January 19th, 2010
Do Rapid Response Teams and Remote ICU Monitoring Actually Prevent Deaths?
Hospitals devote a lot of resources to preventing in-hospital cardiac arrests. That makes sense because when one actually occurs, the patient has only a 1 in 6 chance of surviving to discharge. Two popular strategies for helping clinicians recognize and treat clinical deterioration before an in-hospital cardiac arrest are remote ICU monitoring and rapid response teams. After all, it’s intuitively appealing to pay close attention to patients who are doing poorly and, when they deteriorate, to intervene quickly and change their course. Yet, evidence regarding the effectiveness of these two strategies has been mixed.
Recently, my colleagues and I did a meta-analysis of studies about rapid response teams. After analyzing data from 1.3 million admissions, we found that the use of such teams was not associated with lower in-hospital mortality in adults. Similarly, two recent multicenter studies, one published in JAMA and the other in Critical Care Medicine, showed that remote ICU monitoring did not reduce ICU or in-hospital mortality rates, or length of stay.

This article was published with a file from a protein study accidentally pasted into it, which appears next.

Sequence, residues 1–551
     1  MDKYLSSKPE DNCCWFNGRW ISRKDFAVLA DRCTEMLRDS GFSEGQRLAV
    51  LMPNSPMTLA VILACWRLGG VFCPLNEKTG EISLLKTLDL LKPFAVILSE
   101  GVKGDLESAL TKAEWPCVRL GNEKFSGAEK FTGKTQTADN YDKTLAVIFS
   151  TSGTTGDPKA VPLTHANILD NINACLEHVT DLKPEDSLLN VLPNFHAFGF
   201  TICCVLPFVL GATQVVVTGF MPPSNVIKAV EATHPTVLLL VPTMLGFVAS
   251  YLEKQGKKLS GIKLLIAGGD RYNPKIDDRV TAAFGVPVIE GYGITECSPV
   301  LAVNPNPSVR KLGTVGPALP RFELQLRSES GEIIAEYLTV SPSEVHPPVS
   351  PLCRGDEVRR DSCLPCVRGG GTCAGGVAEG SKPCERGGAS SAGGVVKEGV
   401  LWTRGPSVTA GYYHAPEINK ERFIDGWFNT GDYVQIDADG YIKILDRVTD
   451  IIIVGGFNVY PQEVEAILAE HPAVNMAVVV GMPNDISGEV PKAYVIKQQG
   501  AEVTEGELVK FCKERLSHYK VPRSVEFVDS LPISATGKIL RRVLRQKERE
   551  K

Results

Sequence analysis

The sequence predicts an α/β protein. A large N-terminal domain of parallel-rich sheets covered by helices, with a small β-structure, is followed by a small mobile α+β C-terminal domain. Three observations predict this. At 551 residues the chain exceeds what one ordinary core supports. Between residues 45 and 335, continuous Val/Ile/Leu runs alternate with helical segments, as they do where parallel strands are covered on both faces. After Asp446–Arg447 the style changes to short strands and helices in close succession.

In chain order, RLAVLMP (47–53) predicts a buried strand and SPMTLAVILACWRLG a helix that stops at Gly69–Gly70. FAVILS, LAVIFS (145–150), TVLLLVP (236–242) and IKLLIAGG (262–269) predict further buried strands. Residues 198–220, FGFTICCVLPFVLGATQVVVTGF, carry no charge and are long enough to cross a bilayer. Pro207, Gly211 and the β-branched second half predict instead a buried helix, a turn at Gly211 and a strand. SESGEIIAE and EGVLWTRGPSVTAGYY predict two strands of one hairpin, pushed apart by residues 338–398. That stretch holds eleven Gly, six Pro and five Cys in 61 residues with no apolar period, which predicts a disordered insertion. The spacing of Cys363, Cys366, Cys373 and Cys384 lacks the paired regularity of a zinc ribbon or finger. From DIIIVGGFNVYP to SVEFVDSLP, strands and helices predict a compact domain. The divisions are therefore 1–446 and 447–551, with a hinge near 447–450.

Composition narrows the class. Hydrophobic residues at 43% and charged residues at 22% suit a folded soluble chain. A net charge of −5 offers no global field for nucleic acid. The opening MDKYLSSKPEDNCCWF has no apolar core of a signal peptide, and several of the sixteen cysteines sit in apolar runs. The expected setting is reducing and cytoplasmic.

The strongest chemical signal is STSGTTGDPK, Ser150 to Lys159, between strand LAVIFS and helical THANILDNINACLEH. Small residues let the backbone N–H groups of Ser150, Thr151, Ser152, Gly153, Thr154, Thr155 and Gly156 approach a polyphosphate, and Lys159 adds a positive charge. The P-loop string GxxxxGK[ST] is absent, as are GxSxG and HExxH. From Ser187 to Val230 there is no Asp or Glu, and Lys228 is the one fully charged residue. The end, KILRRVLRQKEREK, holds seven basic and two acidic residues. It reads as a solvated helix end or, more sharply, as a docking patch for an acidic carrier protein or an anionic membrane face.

These findings are especially disappointing because of the vast financial and human resources required to develop and maintain rapid-response-team and remote-ICU-monitoring programs. But I wonder, given the evidence, how much hospitals are accomplishing with these strategies. More important, what if institutions get complacent after they’ve implemented them?
I think we need more data to resolve such questions. But I’d like to ask you: What’s your hospital’s experience with rapid response teams and remote ICU monitoring? Do you think hospitals should continue them in the face of disappointing survival data? Can other “outcomes” touted by these programs, such as nursing satisfaction, be achieved at lower costs? And if your hospital has managed to reduce cardiac arrest rates or improve survival after cardiac arrest using other types of quality-improvement initiatives, please share them with us here on CardioExchange.